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9th June 2015

The END of the paper counterpart to the photocard driving licence

Its all over for the paper counterpart to the photocard driving licence, from yesterday (8 June 2015), the paper counterpart to the photocard driving licence replaced by an online service.

The DVLA scrapped the paper counterpart to the photocard driving licence in a bid to save motorists millions of pounds and change the way they share their information with employers and car hire companies.

Under the new system, endorsements will no longer be recorded on the paper part of the licence and employers will have to check drivers' entitlements using the DVLA's new online Share My Licence service or via a third party checking service.

Last year DVLA had to replace around 445,000 counterparts because drivers had lost them, for which they were charged £20 each to cover the cost.

Transport Minister Lord Ahmad of Wimbledon said:

"Replacing the counterpart with an online service will save motorists money and reduce unnecessary red tape.

It will also benefit employers and vehicle hire companies. Relying on the counterpart meant relying on a potentially out of date piece of paper. Now, when the driver chooses to share it, those organisations will be able to see completely accurate information direct from DVLA's records. This will reduce their risk and improve road safety."

The British Vehicle Rental and Leasing Association (BVRLA) has set up an advice page for car hire customers concerned about the abolition of the paper counterpart to the driving licence and what it means for their rental.

The webpage, available at also provides links to further information and contact details for the DVLA and vehicle rental operators.

Talking about the Government's abolition of the driving licence paper counterpart, BVRLA Chief Executive, Gerry Keaney, said:

"Replacing paper forms with digital services is a great idea, but the government has gone about this the wrong way by rushing the process and not giving enough warning to motorists.

The online system being offered by the DVLA is far from ideal and the car rental industry is working with it as best it can.

We are confident that our members will keep their GB licence holder customers up-to-date with any new procedures, which should minimise any disruption for travellers.

Customers can take extra precautions by ensuring that their rental company has access to their endorsement information – available via the DVLA's Share Driving Licence service or its call centre."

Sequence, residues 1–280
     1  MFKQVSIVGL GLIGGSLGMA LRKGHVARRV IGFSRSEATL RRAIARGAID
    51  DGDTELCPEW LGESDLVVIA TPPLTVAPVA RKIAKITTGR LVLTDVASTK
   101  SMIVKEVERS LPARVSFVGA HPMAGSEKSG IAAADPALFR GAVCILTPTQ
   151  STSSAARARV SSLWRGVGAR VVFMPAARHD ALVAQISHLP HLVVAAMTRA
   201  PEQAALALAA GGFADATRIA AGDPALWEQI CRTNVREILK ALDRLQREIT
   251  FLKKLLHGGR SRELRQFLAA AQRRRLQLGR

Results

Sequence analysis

The paper counterpart includes information on a driver's penalty points along with details of what vehicles they can drive. Drivers still need to keep their actual driving licence, whether it is a plastic photocard licence or an old style paper licence which was issued before 1998.

Explaining the new system Oliver Morley, Chief Executive of DVLA, said:

"It's very easy to view and share your driving record. Just go to GOV.UK and search for 'view driving licence'. You can view your information electronically and generate a check code which you can then share with people who need to see your details (such as an employer or car hire company). If you want to, you can also download and print a summary."

However, the Freight Transport Association (FTA) has criticised the system whereby, if checks can't be done online, the driver can call DVLA to give permission for a check and the employer then uses a premium rate number to follow up.

Checking non-GB licences cannot be done on the same system – checks have to be made on a premium rate phone line during normal office hours.

Ian Gallagher, FTA's lead on DVLA, said:

"We want to ensure all our members are ready for the switch to online checking and know exactly what to do.

Far from reducing the burden, FTA believes this new system will be more cumbersome for employers. FTA members who employ hundreds if not thousands of drivers have complained to us that the proposed system adds time to the licence checking process forcing many to look for a cost alternative."

The Association is disappointed that, despite prolonged dialogue, DVLA has failed to develop a suitable online alternative which would provide an employer with the ability to check driver details in bulk, instead relying on a system which requires the licence holder to go online obtain a PDF or access code and provide that to their employer within 72 hours.

FTA says the Agency has also failed to recognise that not all employees are domestic drivers. Given the shortage of vocational drivers in GB, many operators employ drivers from Europe. These drivers are encouraged to obtain a counterpart so that points can be attributed to an individual's licence. From Monday, licences will not be endorsed with penalty points, therefore the only way an employer is able to check a licence being presented to them is by checking with DVLA.

Unfortunately, despite continued requests that this information be made available through the online systems, DVLA has failed to provide a facility other than a telephone number which is only available during working hours for employer to check licence details.

Mr Gallagher added:

"This is completely unacceptable. DVLA has had fair warning of this requirement and will mean that some non UK drivers reporting for work will be sent home if their licence details can't be verified, this information must be made available on the proposed checking systems at the earliest opportunity."



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